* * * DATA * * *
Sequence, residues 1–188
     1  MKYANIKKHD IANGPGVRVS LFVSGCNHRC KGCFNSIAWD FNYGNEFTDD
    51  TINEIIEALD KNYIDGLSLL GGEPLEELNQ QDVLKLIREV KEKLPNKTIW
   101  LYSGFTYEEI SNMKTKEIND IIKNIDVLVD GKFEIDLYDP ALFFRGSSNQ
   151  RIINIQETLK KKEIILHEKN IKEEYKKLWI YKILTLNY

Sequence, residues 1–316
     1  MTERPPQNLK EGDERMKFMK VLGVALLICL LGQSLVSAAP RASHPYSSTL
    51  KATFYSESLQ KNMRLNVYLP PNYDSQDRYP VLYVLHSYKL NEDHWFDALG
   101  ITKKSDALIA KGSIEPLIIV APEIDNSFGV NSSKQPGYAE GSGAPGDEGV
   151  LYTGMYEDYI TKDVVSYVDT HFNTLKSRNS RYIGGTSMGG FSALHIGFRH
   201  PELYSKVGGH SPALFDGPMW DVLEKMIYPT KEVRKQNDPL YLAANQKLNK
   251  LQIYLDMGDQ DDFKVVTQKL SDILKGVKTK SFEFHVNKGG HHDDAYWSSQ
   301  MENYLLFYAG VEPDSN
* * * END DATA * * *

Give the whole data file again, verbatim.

Sequence, residues 1–188
     1  MKYANIKKHD IANGPGVRVS LFVSGCNHRC KGCFNSIAWD FNYGNEFTDD
    51  TINEIIEALD KNYIDGLSLL GGEPLEELNQ QDVLKLIREV KEKLPNKTIW
   101  LYSGFTYEEI SNMKTKEIND IIKNIDVLVD GKFEIDLYDP ALFFRGSSNQ
   151  RIINIQETLK KKEIILHEKN IKEEYKKLWI YKILTLNY

Sequence, residues 1–316
     1  MTERPPQNLK EGDERMKFMK VLGVALLICL LGQSLVSAAP RASHPYSSTL
    51  KATFYSESLQ KNMRLNVYLP PNYDSQDRYP VLYVLHSYKL NEDHWFDALG
   101  ITKKSDALIA KGSIEPLIIV APEIDNSFGV NSSKQPGYAE GSGAPGDEGV
   151  LYTGMYEDYI TKDVVSYVDT HFNTLKSRNS RYIGGTSMGG FSALHIGFRH
   201  PELYSKVGGH SPALFDGPMW DVLEKMIYPT KEVRKQNDPL YLAANQKLNK
   251  LQIYLDMGDQ DDFKVVTQKL SDILKGVKTK SFEFHVNKGG HHDDAYWSSQ
   301  MENYLLFYAG VEPDSN